See Inside March 2010

Worm Charmers

As Charles Darwin had suspected, earthworms that flee from ground vibrations do so to escape hungry moles—even though sometimes it is humans chasing them

Courtesy of Kenneth Catania

If you happen to be hiking in the right part of Florida at dawn, you might catch the sound of a predator hidden in the vegetation. Surely an alligator must be the source of these calls, you say to yourself. But the sound does not come from an alligator, or a mother bear, or some newly introduced predator from the Amazon. It comes from a human predator—a “worm grunter.”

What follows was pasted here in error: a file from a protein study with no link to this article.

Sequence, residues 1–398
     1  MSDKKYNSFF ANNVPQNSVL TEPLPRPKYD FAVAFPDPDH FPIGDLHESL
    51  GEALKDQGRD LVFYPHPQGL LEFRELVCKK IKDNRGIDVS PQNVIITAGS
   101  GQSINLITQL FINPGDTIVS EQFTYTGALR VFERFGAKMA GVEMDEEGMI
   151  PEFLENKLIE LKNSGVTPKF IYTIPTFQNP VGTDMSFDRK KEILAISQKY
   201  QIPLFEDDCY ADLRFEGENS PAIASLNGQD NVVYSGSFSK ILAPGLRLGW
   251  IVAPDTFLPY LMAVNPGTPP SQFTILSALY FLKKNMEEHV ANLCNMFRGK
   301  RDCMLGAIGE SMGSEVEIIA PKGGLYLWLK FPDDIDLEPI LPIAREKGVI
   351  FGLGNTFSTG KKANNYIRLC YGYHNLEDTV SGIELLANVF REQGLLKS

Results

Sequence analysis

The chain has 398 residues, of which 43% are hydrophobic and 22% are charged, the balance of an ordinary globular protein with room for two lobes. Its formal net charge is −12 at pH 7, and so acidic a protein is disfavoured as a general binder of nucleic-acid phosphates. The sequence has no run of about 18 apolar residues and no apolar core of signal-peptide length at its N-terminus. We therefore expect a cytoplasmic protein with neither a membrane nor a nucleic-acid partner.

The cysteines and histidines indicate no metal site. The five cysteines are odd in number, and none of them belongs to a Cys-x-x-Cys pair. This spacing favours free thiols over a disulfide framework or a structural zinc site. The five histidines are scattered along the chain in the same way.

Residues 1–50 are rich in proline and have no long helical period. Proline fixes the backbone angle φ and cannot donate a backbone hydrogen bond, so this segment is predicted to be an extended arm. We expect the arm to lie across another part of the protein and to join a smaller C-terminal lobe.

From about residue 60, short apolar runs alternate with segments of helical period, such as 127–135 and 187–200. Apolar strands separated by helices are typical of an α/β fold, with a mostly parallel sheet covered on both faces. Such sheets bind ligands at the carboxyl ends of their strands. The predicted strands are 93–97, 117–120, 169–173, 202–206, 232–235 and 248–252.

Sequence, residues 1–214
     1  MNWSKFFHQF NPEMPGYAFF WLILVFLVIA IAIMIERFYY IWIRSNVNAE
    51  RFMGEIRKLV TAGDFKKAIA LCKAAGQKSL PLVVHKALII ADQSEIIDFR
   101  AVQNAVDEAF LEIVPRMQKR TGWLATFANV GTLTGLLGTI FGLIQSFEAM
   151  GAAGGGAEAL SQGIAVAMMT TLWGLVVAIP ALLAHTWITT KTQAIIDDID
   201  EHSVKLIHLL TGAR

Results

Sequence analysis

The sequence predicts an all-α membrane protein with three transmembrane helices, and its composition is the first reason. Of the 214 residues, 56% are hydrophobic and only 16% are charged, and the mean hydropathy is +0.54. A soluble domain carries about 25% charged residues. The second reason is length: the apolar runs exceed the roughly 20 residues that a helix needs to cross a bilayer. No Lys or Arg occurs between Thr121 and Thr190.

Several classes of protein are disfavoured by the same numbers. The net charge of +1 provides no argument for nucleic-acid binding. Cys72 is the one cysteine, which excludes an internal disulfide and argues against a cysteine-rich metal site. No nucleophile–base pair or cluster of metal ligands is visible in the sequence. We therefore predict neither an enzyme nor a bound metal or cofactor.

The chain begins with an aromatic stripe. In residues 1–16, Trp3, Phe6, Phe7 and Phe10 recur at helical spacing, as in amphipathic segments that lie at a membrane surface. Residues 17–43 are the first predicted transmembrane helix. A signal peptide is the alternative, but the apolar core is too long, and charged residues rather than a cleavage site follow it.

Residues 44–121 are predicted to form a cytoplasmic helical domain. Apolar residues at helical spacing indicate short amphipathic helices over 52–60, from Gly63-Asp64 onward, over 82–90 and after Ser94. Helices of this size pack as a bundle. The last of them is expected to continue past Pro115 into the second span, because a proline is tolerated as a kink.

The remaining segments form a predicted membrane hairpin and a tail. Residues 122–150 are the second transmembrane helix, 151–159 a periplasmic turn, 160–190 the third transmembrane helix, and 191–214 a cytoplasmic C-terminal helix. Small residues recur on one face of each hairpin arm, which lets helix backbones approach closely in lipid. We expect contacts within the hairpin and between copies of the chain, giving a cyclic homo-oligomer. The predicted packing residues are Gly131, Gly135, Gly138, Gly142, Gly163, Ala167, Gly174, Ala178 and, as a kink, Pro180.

Worm grunters have mastered the art of charming worms out of their burrows so they can be collected and sold as bait. First, the hunters pound a stob, or wooden stake, into the soil, and then they rub the stake with a flat piece of metal called a rooping iron. The vibrations resonate through the ground. In response, hundreds of large earthworms emerge, some as far as 12 meters from the baiter.

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